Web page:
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4 Essentials for Finishing Well

1. A Daily Time of Focused Communion With God

The first essential is a daily time of focused personal communion with God. Many readers are familiar with the old classic Practicing the Presence of God, and that is an excellent habit to cultivate. But the foundation of that has to be a time of focused personal communion with God, and it needs to be daily. Demas didn’t just wake up one day and make a 90-degree turn. That doesn’t happen. Demas drifted little by little toward the attractions of the world. And if you and I do not practice this daily focused time of communion with God, we will find ourselves also drifting in the wrong direction.

In my Navy days before we had global positioning satellites we used a sexton to get our navigational position twice each day. At dawn and at dusk we would “shoot the stars” and get a position. And invariably after having done that, we had to make a minor course correction. Obviously if we didn’t do that, not only daily but in our case twice a day, we would soon find that we were way off course.

You and I also need that daily course correction, and we do this as we have this focused time with God. Demas was in love with this present world. Each of us, whether believer or unbeliever, is in love with something. Demas was in love with the world. The apostle John said, “Do not love the world” (1 John 2:15). But we cannot just “not love the world” and have a vacuum in our hearts. In order to not love the world we have to love God. And our time of daily focused communion with God is a time when that love of God and his love for us is refreshed in our hearts.

2. A Daily Appropriation of the Gospel

The second essential is a daily appropriation of the gospel. I have put personal communion with God first to highlight its priority because that’s the absolute basic essential. But in actual practice I put my daily appropriation of the gospel first. That is, I begin my time with God by reviewing and appropriating to myself the gospel. Since the gospel is only for sinners, I come to Christ as a still practicing sinner. In fact, I usually use the words of that tax collector in the temple when he cried out, “God, be merciful to me, a sinner” (Luke 18:13). God has been merciful, and I’m quick to acknowledge his mercy in my life, but I say to him that I come in the attitude of that tax collector. “I need your mercy. I am still a practicing sinner. Even my very best deeds are sinful in your sight, and I am an object of your mercy and your grace.”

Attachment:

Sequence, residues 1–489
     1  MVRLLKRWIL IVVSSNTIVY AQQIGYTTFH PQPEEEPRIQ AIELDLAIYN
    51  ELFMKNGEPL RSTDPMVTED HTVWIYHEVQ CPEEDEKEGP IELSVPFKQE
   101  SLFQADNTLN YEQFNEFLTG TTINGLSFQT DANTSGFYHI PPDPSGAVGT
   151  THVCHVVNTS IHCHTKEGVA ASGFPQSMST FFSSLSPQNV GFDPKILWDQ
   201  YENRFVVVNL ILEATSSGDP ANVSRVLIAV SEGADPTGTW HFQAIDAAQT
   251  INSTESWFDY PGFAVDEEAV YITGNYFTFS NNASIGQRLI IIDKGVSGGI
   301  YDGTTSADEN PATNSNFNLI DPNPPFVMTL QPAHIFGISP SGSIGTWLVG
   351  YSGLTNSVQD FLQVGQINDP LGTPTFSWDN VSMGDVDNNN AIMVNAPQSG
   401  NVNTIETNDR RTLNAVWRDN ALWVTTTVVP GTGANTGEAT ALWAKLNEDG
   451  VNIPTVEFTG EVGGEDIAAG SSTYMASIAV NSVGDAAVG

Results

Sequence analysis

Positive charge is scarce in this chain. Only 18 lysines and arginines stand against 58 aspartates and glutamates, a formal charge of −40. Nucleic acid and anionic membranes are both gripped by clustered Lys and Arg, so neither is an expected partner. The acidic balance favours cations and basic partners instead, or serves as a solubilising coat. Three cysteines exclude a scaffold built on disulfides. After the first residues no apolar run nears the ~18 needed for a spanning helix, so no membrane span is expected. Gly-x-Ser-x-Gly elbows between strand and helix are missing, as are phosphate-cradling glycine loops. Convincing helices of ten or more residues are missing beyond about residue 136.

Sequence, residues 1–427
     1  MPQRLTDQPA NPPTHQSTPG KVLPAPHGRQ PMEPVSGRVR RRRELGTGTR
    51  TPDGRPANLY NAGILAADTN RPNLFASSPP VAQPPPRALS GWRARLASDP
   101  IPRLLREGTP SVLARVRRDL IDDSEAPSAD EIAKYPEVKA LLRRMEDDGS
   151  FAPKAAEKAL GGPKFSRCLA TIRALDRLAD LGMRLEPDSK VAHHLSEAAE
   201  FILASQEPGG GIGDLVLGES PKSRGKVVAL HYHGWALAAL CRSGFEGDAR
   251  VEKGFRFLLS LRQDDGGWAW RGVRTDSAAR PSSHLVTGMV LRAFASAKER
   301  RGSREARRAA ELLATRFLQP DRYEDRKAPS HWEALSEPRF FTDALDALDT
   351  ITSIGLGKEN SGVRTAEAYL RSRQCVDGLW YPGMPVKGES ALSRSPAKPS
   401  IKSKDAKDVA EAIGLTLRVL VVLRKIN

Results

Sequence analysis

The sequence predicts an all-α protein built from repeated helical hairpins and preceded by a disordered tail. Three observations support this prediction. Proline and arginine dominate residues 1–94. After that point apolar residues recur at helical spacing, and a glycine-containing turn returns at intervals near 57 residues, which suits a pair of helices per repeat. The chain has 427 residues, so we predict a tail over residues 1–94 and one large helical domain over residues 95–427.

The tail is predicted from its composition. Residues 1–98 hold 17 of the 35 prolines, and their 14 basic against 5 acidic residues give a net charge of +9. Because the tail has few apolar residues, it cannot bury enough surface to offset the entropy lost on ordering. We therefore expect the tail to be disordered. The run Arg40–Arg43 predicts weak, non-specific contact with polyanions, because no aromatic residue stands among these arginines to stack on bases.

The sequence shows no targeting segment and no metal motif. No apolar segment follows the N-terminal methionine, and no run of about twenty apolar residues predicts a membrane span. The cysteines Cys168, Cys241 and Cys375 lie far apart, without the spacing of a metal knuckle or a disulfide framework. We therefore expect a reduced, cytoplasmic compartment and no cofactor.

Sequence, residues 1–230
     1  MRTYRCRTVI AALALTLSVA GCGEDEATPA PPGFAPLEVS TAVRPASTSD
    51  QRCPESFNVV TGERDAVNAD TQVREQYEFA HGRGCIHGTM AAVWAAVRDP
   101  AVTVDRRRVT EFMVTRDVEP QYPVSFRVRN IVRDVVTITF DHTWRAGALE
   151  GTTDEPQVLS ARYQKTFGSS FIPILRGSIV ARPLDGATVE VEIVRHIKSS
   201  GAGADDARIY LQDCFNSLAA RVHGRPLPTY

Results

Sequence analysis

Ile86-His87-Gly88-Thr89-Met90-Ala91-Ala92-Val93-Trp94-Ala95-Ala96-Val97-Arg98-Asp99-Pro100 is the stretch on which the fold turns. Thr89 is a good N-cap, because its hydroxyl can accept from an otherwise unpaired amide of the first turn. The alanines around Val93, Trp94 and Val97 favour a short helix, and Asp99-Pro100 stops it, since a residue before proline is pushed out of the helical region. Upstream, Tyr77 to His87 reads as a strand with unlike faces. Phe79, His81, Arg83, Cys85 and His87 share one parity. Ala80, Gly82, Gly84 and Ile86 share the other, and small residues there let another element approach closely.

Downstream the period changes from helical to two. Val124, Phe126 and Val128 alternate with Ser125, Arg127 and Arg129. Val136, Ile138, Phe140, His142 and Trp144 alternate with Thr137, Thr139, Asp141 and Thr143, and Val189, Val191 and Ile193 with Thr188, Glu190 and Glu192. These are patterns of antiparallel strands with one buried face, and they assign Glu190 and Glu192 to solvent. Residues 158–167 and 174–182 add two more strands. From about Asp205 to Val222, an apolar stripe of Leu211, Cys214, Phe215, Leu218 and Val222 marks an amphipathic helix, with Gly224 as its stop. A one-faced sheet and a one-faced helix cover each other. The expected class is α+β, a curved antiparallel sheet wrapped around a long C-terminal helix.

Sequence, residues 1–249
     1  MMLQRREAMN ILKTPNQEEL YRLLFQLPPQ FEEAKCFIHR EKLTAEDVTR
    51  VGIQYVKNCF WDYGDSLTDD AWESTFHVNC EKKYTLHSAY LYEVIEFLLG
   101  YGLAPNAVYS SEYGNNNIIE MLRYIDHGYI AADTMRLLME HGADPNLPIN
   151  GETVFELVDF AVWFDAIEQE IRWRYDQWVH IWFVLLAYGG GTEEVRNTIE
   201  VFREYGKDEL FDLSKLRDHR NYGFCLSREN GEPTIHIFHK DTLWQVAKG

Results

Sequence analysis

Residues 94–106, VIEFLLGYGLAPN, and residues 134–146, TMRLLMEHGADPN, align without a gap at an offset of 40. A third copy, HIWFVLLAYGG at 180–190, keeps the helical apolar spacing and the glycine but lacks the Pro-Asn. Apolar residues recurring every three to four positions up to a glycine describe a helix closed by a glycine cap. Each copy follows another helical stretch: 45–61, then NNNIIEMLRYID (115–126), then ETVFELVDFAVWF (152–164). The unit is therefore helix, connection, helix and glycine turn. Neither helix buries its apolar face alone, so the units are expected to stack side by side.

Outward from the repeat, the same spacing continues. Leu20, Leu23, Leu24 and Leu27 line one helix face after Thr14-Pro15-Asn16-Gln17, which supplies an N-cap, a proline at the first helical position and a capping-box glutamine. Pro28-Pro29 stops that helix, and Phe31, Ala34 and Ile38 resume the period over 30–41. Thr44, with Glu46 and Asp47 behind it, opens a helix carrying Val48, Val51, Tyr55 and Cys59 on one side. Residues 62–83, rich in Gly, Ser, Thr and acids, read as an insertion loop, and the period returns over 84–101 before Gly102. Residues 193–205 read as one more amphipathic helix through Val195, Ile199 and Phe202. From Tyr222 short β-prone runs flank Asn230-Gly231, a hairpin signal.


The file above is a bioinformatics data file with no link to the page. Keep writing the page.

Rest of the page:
In the early years of my Christian life and even in my early ministry I regarded the gospel as a message for the unbeliever. Now that I was a Christian I personally no longer needed the gospel except as a message to share with unbelievers. But I learned the hard way many years ago that I need the gospel every day of my life.

At the time I was serving overseas, and I was single and lonely. Additionally I was struggling with some interpersonal relationship issues. Every Monday night I led a Bible study at an American Air Force base about an hour’s drive from where I lived. And every Monday night as I drove home, Satan would attack me with accusations of my sin. Out of desperation I began to resort to the gospel. To use an expression I learned years later, I began to “preach the gospel to myself.” And I subsequently learned that I continued to need the gospel every day of my life. That is why I list this practice as one of the four essential elements.

3. A Daily Commitment to God as a Living Sacrifice

The third essential is a daily commitment to God as a living sacrifice. And for that I direct your attention to Romans 12:1: “I appeal to you therefore, brothers, by the mercies of God, to present your bodies as a living sacrifice, holy and acceptable to God, which is your spiritual worship.” As we daily reflect on the gospel and what God has done for us in Christ, this should lead us to present ourselves as daily, living sacrifices.

In using the word sacrifice Paul was obviously drawing from the Old Testament sacrificial system. Those sacrifices are set forth for us in the book of Leviticus, and all of them together portrayed the one great sacrifice of the Lord Jesus Christ. God has not asked us to loan ourselves temporarily to him. He’s asked us to present ourselves to him as living sacrifices to use as he pleases. The fact is, objectively this has already taken place. The apostle Paul tells us in 1 Corinthians 6:19–20, “You are not your own, for you were bought with a price.” Paul wants us to affirm in our hearts and in our emotions what is true in reality, but he approaches it by way of an appeal. He does not say, “This is your duty to do.” He does not say, “You’re not your own; you don’t have a choice in the matter.” He says, “I appeal to you … by the mercies of God.”